Melbourne’s first official cemetery was established in 1837, its first interment said to be a shepherd called John Smith.11 An estimated 10,000 souls were buried there from its establishment until 1878, when the site was taken over by the Queen Victoria Market, with some remains reinterred at the Melbourne General Cemetery (which opened in 1853). Reinterments to other resting places have continued up until quite recently, with 30 graves dug up by the Melbourne City Council as recently as 1991.12

Aerial view of Melbourne central business district. Showing Queen Victoria Market, Flagstaff Gardens, State Library dome, St. Paul's Cathedral, Flinders Street Station, Yarra River and Princes Bridge. A small section of Peel Street is visible.
Detail of Aerial view of Melbourne including Queen Victoria Market, [between 1960 and 1970]. Photo by Commercial Photographic Co., Harold Paynting Collection, State Library Victoria; H2009.95/24

Old Melbourne Gaol

Detail of Old Melbourne Gaol on the corner of Russell and Latrobe streets, Isometrical plan of Melbourne & suburbs, 1866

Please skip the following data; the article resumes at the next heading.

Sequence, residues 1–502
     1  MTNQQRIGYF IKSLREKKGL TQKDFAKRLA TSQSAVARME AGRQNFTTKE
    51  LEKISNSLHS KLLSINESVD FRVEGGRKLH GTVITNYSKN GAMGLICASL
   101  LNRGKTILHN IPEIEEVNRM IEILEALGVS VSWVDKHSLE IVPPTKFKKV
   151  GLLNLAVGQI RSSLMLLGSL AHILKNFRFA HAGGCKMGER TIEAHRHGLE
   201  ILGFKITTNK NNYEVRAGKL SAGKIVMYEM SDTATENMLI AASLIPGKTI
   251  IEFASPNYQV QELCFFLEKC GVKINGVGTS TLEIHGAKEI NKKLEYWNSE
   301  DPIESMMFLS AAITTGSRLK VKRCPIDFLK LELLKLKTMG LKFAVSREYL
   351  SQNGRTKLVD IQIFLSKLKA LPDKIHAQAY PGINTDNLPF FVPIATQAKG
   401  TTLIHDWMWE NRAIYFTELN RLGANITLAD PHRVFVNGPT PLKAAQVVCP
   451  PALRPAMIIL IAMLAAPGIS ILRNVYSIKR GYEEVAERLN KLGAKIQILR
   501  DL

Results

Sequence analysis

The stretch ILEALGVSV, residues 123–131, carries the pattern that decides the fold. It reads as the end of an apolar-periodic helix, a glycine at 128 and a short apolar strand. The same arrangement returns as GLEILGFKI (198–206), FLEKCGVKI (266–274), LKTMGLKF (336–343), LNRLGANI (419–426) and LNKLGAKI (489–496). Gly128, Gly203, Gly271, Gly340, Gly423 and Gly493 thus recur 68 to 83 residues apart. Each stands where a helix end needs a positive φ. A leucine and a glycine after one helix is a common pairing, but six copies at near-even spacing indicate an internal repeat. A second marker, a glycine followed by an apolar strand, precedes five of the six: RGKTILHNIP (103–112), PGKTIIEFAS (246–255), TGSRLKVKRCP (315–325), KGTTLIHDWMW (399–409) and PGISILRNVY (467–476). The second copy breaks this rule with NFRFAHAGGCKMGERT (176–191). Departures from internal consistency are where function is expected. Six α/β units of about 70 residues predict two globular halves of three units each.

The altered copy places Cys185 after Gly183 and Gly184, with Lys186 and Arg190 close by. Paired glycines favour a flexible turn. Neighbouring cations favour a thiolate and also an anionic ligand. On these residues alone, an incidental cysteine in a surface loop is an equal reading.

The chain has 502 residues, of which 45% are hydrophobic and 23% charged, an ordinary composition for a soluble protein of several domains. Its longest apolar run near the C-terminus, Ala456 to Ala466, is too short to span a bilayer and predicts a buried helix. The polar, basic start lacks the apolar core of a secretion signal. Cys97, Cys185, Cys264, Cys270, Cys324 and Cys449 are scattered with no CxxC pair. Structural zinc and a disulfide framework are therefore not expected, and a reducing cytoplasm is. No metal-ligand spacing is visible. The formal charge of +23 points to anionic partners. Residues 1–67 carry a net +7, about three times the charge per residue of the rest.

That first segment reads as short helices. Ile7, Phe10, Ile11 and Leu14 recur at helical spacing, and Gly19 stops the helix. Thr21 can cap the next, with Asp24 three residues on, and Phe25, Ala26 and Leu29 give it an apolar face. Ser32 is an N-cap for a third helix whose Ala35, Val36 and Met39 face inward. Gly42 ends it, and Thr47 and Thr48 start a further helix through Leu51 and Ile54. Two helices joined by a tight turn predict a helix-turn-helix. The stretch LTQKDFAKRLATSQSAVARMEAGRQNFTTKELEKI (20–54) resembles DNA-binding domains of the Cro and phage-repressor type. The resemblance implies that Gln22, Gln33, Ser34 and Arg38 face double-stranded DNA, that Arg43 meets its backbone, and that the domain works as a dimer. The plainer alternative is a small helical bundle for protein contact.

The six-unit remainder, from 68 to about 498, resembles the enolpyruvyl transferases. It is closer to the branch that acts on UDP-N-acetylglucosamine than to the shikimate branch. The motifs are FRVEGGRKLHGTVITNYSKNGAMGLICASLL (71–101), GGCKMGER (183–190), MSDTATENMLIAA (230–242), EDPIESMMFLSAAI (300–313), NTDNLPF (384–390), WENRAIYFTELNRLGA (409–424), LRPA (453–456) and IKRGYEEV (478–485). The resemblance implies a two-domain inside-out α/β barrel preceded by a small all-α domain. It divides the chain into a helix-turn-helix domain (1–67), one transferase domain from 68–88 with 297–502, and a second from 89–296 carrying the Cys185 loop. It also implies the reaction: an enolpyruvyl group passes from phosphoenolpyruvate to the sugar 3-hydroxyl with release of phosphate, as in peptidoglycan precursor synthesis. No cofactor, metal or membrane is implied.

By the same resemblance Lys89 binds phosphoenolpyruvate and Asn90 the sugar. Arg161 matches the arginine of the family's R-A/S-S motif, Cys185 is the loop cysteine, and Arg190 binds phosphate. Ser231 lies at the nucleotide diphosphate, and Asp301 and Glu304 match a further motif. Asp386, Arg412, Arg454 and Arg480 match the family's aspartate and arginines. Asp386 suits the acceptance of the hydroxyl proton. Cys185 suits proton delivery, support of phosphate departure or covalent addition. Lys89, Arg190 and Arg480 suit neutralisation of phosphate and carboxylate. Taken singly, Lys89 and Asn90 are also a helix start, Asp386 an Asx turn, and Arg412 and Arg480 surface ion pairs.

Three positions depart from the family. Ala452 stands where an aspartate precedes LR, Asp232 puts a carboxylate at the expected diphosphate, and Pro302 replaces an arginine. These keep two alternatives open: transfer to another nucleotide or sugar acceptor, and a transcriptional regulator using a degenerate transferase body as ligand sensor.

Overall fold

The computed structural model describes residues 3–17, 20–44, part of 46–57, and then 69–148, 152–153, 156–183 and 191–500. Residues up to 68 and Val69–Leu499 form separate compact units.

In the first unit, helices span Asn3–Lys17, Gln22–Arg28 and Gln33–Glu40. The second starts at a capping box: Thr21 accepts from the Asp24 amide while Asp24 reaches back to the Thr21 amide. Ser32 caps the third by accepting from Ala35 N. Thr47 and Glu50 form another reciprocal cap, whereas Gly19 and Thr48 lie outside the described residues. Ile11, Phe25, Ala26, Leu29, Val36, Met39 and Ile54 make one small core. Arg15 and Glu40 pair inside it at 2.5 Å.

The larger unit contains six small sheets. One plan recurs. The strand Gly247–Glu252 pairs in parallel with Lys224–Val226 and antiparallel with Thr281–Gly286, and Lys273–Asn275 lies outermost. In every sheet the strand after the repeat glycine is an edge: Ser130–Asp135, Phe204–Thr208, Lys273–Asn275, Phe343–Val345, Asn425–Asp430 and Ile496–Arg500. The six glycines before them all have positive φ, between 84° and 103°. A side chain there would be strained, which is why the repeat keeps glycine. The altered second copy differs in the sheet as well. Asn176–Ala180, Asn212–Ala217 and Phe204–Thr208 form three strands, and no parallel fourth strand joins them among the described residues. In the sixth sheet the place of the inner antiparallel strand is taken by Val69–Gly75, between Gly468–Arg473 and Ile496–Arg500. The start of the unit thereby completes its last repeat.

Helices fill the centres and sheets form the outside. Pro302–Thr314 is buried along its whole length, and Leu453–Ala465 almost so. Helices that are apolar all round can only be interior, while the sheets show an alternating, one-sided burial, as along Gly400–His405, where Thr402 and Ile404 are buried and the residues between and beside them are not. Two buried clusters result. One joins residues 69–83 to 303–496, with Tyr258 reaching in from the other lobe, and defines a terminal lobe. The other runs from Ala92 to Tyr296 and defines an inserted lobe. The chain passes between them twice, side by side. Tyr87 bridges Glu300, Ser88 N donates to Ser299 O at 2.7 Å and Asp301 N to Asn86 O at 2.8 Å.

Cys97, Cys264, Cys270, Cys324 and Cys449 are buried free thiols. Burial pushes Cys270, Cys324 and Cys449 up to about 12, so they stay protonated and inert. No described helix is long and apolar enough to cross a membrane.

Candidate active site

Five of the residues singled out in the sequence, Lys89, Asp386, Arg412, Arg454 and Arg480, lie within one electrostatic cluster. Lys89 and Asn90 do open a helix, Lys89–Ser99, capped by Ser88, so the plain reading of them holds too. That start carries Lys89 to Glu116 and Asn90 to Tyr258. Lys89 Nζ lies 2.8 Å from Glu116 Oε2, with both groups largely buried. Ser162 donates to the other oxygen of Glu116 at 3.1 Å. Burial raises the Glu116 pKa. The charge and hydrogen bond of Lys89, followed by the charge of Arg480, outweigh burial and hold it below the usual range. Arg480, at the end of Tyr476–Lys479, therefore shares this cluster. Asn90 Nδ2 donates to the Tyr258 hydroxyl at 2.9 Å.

Detail of Old Melbourne Gaol on the corner of Russell and Latrobe streets, Isometrical plan of Melbourne & suburbs, 1866

Famously the location of the execution of Ned Kelly on 11 November 1880, the Old Melbourne Gaol witnessed approximately 133 hangings between 1842 and its closure in 1929. The first cell block opened in 1845. Home to a mix of hardened and dangerous criminals, petty offenders, the homeless and the mentally ill, overcrowding and poor conditions were perennial issues. A city watch house opened in 1909 as a short-term lock up for drunks, petty crims and ‘women of ill-repute’. 13

The photo below from 1920 shows how the site had evolved since it was captured on the isometrical map in the 1860s.

Aerial view of the old Melbourne Gaol, including the Governor's residence on the site of the later Emily McPherson College (built 1926) as well as the exercise yard. Also shows Bowen Street being used as a public thoroughfare before the construction of the Royal Melbourne Institute of Technology.